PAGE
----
Gosford Castle & Forest Park
This is one of the largest castles ever built in Ireland. At first glance it looks like a Norman castle but actually dates to the first half of the 19th century, when it was built in the then fashionable Norman revival style by the 2nd Earl of Gosford.
It must have been a splendid place in its prime, built at a cost of £80,000, with 150 rooms and an interior replete with marble and decorative plasterwork.
It seems never to have been a happy home though. The 2nd Earl’s marriage broke up before it was complete and although construction was largely financed by his wife’s wealthy family she never lived in it. The family had a tendency to live beyond their meagre means and their finances were destroyed by the cost of building the castle.
The 4th Earl was a profligate gambler and a member of the inner circle of the Prince of Wales, a lifestyle he could ill afford. He sold off much of the Castle’s contents to pay his debts. In 1921 the family sold the remaining contents and moved out, never to return.
Main image: Bluebells in Gosford by Still Burning
Fancy living in Gosford Castle?
The castle was the property of the state until 2006 when it was sold to a private developer (for the paltry sum of £1000) who has very beautifully converted it into apartments, keeping as many of the interior features as possible and making almost no changes to exterior.
This is a good thing, it was about to die from neglect and really needs to be lived in to survive. You can still buy an apartment there if you wish!
Interestingly, the spokesman for the developers at the time of the sale was a man called Arthur Acheson. The family name of the original owners of Gosford was …. Acheson. So maybe the family are, in a way, coming home.
Gosford Forest Park
The forest at Gosford is large and more than 200 years old and is a very quiet and peaceful place to walk and never crowded.
There are 4 signposted walks of various lengths through the woods and around the grounds and many wonderful specimen tree including Giant Sequoia.
Two large ornamental ponds to either side of the archway that once was the main entrance to the estate actually had a very practical purpose.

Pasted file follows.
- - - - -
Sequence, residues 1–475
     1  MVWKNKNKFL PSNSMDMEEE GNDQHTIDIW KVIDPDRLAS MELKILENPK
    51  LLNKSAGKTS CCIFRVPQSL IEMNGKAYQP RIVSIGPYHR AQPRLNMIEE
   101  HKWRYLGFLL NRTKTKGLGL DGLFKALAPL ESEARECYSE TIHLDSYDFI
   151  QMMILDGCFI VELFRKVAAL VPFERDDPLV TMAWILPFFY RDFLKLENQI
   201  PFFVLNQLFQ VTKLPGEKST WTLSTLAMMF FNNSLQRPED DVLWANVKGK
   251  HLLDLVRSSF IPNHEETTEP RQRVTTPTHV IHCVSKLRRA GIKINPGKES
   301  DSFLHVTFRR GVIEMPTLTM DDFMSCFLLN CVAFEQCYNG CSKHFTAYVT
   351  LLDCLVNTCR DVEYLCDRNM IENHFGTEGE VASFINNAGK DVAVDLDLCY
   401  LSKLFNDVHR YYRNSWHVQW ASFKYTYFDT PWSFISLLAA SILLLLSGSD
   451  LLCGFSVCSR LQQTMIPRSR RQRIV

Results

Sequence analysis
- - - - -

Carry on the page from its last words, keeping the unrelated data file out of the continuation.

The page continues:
Water enters the ponds by means of an underground mill race and once powered a waterwheel which supplied electricity to the farmyard. Water flows back to the river via an ornamental bridge, which you will also pass on your walk.
Gosford and Swift
Dean Swift, author of “Gulliver’s Travels” was a regular guest at Gosford and wrote many poems in which he mentions the area. He would have stayed in the house which pre-dated the castle, and often stayed for months at a time.
Apparently he composed many of his poems while sitting on a chair in the wood, and certainly he wrote several about Gosford and the Achesons – though it has to be said poetry was not his strong suit. The ‘chair’ on which he sat is a cut made into a bank of earth and surrounded by a yew tree.
He is remembered today in the Dean Swift restaurant and centre at Gosford.
Exploring the Park
The castle is sadly now in very poor condition, but it is at the heart of a lovely park, which is well worth visiting. Several walking trails take you past though park, woodlands and gardens.
There is a very well kept arboretum and the many animals in the park include a herd of red deer, long horn cattle, rare breeds of sheep and poultry, peacocks and wonderfully huge and gentle draught horses.
There is a picnic area and a campsite, and for those who would like a night in the open air it is a very fine place to pitch a tent.